Study 1:A study was conducted to determine the developmental toxicity / teratogenicity of the read across substance, C16 TMAC (25% active in water), according to a method similar to OECD Guideline 414, in compliance with GLP. This experiment was performed inNew Zealand White rabbits. Twenty mated female rabbits per group were exposed topically (daily for 2 h) from Days 7 to 18 of gestation at concentrations of 0, 0.5, 1.0, or 2.0% (equivalent to 0, 10, 20 and 40 mg a.i./kg bw/day, respectively). The control group was treated with deionised water only. Clinical condition and reactions to treatment were recorded at least once daily. Body weights were recorded on Days 0, 3, 6, 9, 12, 15, 18, 21, 24, 27 and 29 of gestation. All surviving females were sacrificed on Day 29 of gestation and the foetuses were removed by caesarean section. At necropsy the females were examined macroscopically. Live foetuses were weighed, sexed and were examined for visceral and skeletal abnormalities. Two control animals, one intermediate and one high dose died during the study. Two of the rabbits that died, aborted prior to death (one control and one intermediate dose). Two additional abortions occurred, one each in the intermediate and high dose groups. Deaths or abortions were not considered to be related to the read across substance. No treatment-related maternal body weight or food intake effects were noted. The incidence of foetal malformations, as well as genetic and developmental variations in the treated groups was comparable to that of the control group. No other treatment-related effects were noted. Under the study conditions, the NOAEL of the read across substance for maternal as well as developmental toxicity was established at 40 mg a.i./kg bw/day in rabbits (TRS (HPV), 2001). Based on the results of the read across study, similar absence of development effects can be expected for the test substance.
Study 2:A study was conducted to determine the developmental toxicity of the read across substance, C18 TMAC (98.8% purity), according to a method similar to OECD Guideline 414. This experiment was performed inCFY rats.Twenty mated female rats per group were exposed dermally to the read across substance from Day 6 to Day 15 of gestation. Volumes of 0.5 mL were applied on shaved skin. The concentrations of the read across substance ranged from 0.0 to 2.5% (i.e., corresponding to 0, 18, 30 and 50 mg/kg bw/day). Signs of systemic reaction and local reaction of the exposed area of skin were assessed on a daily basis. Body weights were recorded on Days 1, 3, 6, 10, 17, and 20 of pregnancy. Food and water consumption were measured at regular intervals throughout the study. On Day 20 of pregnancy, congenital abnormalities and macroscopic pathological changes in maternal organs as well as in ovaries and uteri (number of corpora lutea, number/distribution of live young and embryo/foetal deaths (early and late, stages of implantation)) and post implantation loss were evaluated. Litter weights (from which the mean pup weight was calculated), foetal abnormalities (external and internal), and sex determination were also recorded on Gestation Day 20. Under the study conditions, a dermal application of the read across substance did not induce toxic effects on dams or foetuses, except for a local irritation (erythema and oedema) on the skin of pregnant animals. The maternal NOAELs (systemic and local) were therefore established at 50 and 18 mg/kg bw/day, respectively. The developmental NOAEL was determined at 50 mg/kg bw/day (Palmer, 1983). Based on the results of the read across study, similar absence of development effects can be expected for the test substance.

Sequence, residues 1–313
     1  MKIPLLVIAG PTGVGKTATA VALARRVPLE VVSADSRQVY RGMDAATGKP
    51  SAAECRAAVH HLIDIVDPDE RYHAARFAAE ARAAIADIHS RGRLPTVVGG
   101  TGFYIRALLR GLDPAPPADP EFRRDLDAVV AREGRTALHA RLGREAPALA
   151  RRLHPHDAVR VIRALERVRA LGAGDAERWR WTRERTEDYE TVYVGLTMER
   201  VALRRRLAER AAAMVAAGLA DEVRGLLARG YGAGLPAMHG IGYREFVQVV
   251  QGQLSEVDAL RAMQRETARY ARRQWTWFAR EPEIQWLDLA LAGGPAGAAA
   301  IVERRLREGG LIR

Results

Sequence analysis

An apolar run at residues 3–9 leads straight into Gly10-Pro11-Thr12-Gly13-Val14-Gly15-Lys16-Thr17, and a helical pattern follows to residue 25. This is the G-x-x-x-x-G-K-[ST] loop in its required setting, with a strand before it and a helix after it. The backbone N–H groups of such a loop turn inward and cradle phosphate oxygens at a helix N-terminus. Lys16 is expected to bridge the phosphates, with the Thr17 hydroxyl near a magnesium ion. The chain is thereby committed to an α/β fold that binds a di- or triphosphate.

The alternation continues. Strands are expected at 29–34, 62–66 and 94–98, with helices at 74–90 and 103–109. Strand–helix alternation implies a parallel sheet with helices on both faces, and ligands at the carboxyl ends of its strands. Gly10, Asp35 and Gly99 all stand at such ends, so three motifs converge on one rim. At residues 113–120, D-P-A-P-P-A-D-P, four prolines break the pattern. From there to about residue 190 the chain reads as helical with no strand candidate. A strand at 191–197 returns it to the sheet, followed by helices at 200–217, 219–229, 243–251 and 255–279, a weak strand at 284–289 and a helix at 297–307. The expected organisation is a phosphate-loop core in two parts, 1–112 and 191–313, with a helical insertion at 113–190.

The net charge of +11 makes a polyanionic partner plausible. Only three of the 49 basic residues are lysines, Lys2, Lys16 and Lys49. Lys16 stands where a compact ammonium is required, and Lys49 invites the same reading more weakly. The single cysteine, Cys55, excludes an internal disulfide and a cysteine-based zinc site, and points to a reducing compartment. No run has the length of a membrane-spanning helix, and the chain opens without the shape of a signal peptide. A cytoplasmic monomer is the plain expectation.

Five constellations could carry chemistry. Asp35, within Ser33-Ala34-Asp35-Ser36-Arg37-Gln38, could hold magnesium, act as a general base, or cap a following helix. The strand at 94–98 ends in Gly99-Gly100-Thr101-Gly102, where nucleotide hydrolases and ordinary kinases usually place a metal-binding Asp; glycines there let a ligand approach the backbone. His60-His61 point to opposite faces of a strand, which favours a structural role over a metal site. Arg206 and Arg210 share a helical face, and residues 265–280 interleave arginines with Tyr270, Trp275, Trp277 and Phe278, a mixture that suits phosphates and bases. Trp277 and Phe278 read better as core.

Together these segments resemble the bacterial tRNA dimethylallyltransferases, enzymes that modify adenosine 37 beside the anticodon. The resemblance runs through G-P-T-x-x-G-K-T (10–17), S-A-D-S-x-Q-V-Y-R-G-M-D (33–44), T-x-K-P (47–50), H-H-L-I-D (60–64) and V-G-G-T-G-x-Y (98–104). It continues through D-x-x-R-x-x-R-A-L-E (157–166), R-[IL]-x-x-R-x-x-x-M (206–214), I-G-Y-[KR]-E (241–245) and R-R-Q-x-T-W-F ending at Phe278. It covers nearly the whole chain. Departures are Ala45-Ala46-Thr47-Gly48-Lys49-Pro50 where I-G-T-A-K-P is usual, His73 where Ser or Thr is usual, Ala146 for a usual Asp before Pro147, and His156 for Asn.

Overall, based on the available oral and dermal pre-natal development toxicity studies with the test and/or read across substances in rats and rabbits, indicate no concern for development toxicity. Furthermore, in line with the biocides assessment report on Coco TMAC or C12 -16 ADBAC, the maternal NOAELs from the pre-natal studies have not been considered further for risk assessment.
on the results of the pre-natal development toxicity studies in rats and
rabbits conducted with the read across substances via the oral and
dermal routes, the test substance does not warrant a classification
according to the EU CLP criteria (Regulation 1272/2008/EC).